ACA Reporting: The Impact on Cobra and Account based Plans

The page below explains how your account-based health plans (HRAs, FSAs, and HSAs), and COBRA coverage, could impact your reporting ACA reporting obligations.  

The good news: most account-based plans won’t have any impact on your ACA reporting, with the exception of a small number of HRAs.  

However, COBRA coverage is likely to have a larger impact on many employers, since individuals on COBRA may need to be reported in some circumstances.  

Click the subject headings below for general information about ACA reporting and details specific to account-based plans and COBRA.


+General ACA Reporting Information

There are 2 main purposes to ACA reporting, each detailed in a separate Code section.

Code § 6055

Code § 6055 (reporting on B forms or C forms) requires coverage providers to report the presence of coverage for individuals in order to allow the IRS to properly enforce the individual mandate and exchange subsidy eligibility. For fully-insured health benefits, the insurance carrier will complete this reporting. Employers providing self-insured health coverage will need to satisfy this reporting obligation directly.

Code § 6056

Code § 6056 (reporting on C forms) requires Applicable Large Employers (ALEs) – those with 50 or more full-time equivalent employees in the prior year – to report whether employees were offered affordable, minimum value coverage by their employer, and whether they accepted those offers. The IRS will use this information to assess whether an employer is subject to Pay or Play penalties.

Reporting Forms and Deadlines

Because the C-Series forms (1094-C and 1095-C) apply to both codetions, most large employers will use those forms exclusively. B-Series forms (1094-B and 1095-B) will typically be used by insurance carriers and small employers who happen to offer self-insured medical coverage.

These forms will generally be used to report major medical coverage, but technically apply to any health plan providing Minimum Essential Coverage (MEC). MEC does not necessarily constitute extremely substantial coverage (it shouldn’t be confused with Minimum Value coverage), it simply means health coverage that isn’t classified as Excepted Benefits.

Deadlines for reporting of 2016 coverage in early 2017 were modified slightly pursuant to IRS notice 2016-70. Employers should be aware that the extension only applies to the due date for distributing forms to employees, and did not alter the deadline to report information to the IRS. Employers subject to the reporting requirement must deliver (by mail or hand) copies of the 1095 forms to individuals no later than March 2, 2017. Copies of the 1095 forms, along with the 1094 transmittal form, must be submitted to the IRS by February 28, 2017 (if filing on paper) or March 31, 2017 (if filing electronically).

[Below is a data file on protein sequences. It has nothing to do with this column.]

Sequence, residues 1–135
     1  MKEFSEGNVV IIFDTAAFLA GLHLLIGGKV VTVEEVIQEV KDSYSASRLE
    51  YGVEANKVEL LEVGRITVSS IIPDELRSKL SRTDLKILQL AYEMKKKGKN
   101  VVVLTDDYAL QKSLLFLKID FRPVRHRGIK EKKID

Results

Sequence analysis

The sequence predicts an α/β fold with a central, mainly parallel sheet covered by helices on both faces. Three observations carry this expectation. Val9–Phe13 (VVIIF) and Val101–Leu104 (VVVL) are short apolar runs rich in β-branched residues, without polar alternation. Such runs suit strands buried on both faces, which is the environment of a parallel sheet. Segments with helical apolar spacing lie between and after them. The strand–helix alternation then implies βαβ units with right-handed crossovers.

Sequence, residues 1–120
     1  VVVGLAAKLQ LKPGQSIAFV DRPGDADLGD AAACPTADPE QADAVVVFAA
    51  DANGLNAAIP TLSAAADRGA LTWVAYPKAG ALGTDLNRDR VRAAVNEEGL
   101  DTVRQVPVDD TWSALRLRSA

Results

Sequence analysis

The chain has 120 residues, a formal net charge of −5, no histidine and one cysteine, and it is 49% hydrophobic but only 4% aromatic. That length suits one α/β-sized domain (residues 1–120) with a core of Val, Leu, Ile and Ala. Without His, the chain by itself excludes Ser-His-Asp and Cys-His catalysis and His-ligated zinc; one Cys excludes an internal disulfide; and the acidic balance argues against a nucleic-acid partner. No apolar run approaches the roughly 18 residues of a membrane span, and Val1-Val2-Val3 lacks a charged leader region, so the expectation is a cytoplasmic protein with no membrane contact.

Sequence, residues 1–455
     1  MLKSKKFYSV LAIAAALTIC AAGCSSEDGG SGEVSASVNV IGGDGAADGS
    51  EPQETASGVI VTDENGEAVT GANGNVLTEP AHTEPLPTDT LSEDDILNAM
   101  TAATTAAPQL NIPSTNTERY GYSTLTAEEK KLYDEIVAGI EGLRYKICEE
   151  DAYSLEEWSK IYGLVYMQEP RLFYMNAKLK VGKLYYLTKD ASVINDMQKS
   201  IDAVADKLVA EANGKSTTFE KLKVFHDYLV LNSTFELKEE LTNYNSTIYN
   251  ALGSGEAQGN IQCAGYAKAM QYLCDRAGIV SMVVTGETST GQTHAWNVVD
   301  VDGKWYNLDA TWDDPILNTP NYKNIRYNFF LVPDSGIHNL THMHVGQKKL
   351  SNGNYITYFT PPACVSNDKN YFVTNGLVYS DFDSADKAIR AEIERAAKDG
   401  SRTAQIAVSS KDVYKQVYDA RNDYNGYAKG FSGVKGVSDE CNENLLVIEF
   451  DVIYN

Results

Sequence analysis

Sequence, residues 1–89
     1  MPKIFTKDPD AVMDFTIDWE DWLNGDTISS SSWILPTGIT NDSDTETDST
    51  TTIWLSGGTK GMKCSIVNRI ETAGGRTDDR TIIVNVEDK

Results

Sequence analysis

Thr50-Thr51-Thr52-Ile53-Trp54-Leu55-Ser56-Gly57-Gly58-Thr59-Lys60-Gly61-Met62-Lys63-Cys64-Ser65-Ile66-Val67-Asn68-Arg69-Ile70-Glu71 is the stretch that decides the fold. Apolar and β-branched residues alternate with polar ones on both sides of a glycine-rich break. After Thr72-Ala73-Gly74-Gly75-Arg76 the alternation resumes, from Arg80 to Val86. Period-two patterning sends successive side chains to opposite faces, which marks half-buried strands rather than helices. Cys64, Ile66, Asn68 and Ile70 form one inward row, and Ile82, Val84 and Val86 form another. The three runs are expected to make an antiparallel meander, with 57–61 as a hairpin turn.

+COBRA

COBRA Reporting Overview

In many circumstances, individuals continuing coverage on an employer’s health plan through COBRA will still need to be reported under ACA. Most employers will use the 1095-C form to report this coverage.

If BPC provides COBRA administrative services for your organization, we will provide a report for you to download by the end of February. The report will detail which former employees and other individuals had coverage during the course of 2015. Reports can be provided earlier, upon request to our COBRA team. Individuals in your organization with appropriate access will receive an email when the report is available, which will include instructions about how to download it.

Please also note that some employees who terminate late in 2015, may elect 2015 coverage in early 2016. BPC will promptly report any such elections to you, because in some cases those elections may require you to revise or add to your ACA reporting. For example, you may report that a former employee had no coverage in December 2015, but that former employee might wait until February 2016 to affirmatively make that election. The postponed reporting deadlines announced in IRS Notice 2016-4 alleviate most of this concern with respect to reporting 2015 coverage.